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Ravens look for improvement with Thomas at the helm
Bryant Thomas understands the thin line that divides winning from losing.
As Auburn Riverside's new head football coach, Thomas takes over a team that went 1-9 last year and finished in the basement of the tough South Puget Sound League North 4A.
"The funny thing about football is that you get a ball that bounces one way and you get a ball that bounces the other way and the season is totally different," said Thomas, who took over the program in March. "We watched the film from last year, when they went 1-9. They're not a 1-9 team. Kentlake finished third last year, and they (Auburn Riverside) had them on the ropes but lost 14-10. They lost to TJ in overtime. All these games, they were in them. They just missed something here and there."
Now, as the Ravens prepare to begin their 2013-14 campaign, Thomas hopes to provide that "missing something."
"I want to win with these kids because I believe in these kids," Thomas said. "Everything you need to win is right here. You have support, and you have quality players coming back at critical positions."
Thomas' football journey began at Los Angeles' San Pedro High School. For four years he was a standout on the inner-city high's football squad, as a wide receiver and defensive back.
After graduating in 1993, Thomas headed north, with a full ride to Washington state University in hand.
For three years Thomas started as a wide receiver for Cougar Coach Mike Price, and finished up his career playing defensive back and special teams as a senior.
After graduating with a history degree in 1998, Thomas stayed in Pullman as a student assistant coach, and after a year moved into a graduate assistant coaching spot with WSU.
"I've always been lucky and blessed," Thomas said. "Everything seems to fall into place for me."
After three years coaching in Pullman, Thomas moved on to Idaho State University in Pocatello, where he was an assistant coach for the next six years.
In 2007, urged on by his wife, Shannon Short, who grew up in the South Puget Sound region, Thomas applied for an assistant position with Federal Way Coach John Meagher.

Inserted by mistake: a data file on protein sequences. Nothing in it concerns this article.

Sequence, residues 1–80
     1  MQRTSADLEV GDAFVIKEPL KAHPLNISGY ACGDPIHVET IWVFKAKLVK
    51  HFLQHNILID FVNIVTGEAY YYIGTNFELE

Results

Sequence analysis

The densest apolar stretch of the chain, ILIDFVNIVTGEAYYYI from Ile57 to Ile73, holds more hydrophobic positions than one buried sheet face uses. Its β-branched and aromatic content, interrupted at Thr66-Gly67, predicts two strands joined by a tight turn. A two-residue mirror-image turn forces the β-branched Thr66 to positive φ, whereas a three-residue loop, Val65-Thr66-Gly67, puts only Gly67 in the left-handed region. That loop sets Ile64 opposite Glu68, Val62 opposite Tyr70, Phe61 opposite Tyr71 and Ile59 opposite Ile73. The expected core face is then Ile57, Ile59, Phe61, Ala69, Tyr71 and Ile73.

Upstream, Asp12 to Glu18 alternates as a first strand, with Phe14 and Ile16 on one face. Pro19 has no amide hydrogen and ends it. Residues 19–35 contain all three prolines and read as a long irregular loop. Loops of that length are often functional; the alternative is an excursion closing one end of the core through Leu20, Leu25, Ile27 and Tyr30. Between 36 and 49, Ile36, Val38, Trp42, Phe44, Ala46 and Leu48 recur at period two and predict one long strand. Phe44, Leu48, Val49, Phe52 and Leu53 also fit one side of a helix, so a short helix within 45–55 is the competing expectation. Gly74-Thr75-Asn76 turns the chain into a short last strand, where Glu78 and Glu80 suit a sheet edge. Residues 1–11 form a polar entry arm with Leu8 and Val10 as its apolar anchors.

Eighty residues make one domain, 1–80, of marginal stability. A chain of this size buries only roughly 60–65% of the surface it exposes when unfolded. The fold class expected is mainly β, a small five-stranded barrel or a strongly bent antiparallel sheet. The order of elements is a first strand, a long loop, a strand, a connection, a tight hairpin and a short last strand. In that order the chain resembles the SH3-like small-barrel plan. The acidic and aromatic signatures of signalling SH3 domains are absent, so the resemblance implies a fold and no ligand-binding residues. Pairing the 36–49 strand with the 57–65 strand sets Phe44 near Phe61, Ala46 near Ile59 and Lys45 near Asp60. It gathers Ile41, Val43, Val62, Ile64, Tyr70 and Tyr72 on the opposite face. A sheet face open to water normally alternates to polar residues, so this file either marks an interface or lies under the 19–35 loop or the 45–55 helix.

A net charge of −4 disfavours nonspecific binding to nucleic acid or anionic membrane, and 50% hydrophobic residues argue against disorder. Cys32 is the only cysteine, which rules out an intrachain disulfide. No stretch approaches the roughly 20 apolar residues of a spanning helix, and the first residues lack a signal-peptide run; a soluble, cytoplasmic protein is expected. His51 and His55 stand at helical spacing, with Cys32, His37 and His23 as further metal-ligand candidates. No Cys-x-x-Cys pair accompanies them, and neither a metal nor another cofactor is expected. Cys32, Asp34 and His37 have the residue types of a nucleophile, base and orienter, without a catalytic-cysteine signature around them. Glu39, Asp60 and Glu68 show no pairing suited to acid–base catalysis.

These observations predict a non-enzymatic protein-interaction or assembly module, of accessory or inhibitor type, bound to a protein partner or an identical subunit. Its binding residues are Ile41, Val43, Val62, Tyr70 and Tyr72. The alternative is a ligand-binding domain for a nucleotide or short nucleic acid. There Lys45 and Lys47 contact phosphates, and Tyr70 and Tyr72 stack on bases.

"Coach Meagher had been diagnosed with cancer and they didn't know how long he was going to coach for," Thomas said. "So I came down and interviewed with him, and he offered me the job (as an offensive coordinator)."
Although Thomas intended to use the Federal Way job to work his way into a high school head coaching position, he said, he still wasn't sure. A trip back to Idaho, however, sealed the deal.
"Thanksgiving break I interview for the Federal Way job, I say thank you, land back in Pocatello on Monday, and I'm getting ready to go down to LA to go recruiting and we get fired," Thomas said. "When I tell you I've been blessed, I've been blessed."
For the next six seasons — five of them as the Eagles' offensive coordinator and one as the team's defensive coordinator — Thomas helped mold the team into a perennial powerhouse.
"When Coach Beasley, one of my mentors, retired, Coach Meagher asked me what I wanted to do: did I want to stay on offense, or move to defense, because he knew I wanted to be a head coach. So I moved to defense because I wanted to understand what it means to be in charge of the defense. I wanted that under my belt."
Then, in February, Thomas heard about the opening at Auburn Riverside.
"Once I started talking to the people in the building I knew that they cared about the kids," he said. "I knew they put the kids first and that made me want to be here. The dilemma for me was more can I win here? The only time they've been in the playoffs was as a 3A team. But once I got into it and started digging I realized I could win here. But I knew I had to build a program right."
After taking over, Thomas said he was concerned he would have to start from scratch with the program. But after getting to know his players, he admits, he was pleasantly surprised to find a solid foundation already in place.
"I'll tell you one thing about the old staff," he said. "When we came in here, you could see these kids had leadership qualities and abilities. We've utilized those, and I know they were bred into them from the previous coaching staff."
With the groundwork secure, Thomas said he and his coaching staff have turned to concentrating on fine-tuning, installing a new offensive system – the pistol option – and getting the kids to believe in themselves.
"I felt like when I came to the program they didn't finish what they started," Thomas said. "And I want that to be a way of life. From finishing homework and chores, all of those things. When you start something, you finish it. That's important, because when we get on the field and I ask to finish that play, they already do that because it's something that is in all aspects of their life. It's easy to carry onto the field."
So far, Thomas said, he's pleased with the results.
"They're buying in," Thomas said. "I can't tell you where we're going to finish this year. I don't have a crystal ball. But I know one thing: at the end of the year people are going to be proud of what this Raven team is about and the direction in which we're going."
"Winning is important, but if we win games and don't make better young men, winning doesn't matter," Thomas said. "You have to be in this to help develop these boys into young men. Young men that our community can be proud of. When they come out to watch the Ravens play, I want the community to be proud because we handle ourselves like gentleman with class and respect for the game."
The Ravens open their season at 7 p.m. Sept. 6 against Mt. Rainier at Highline Memorial Stadium.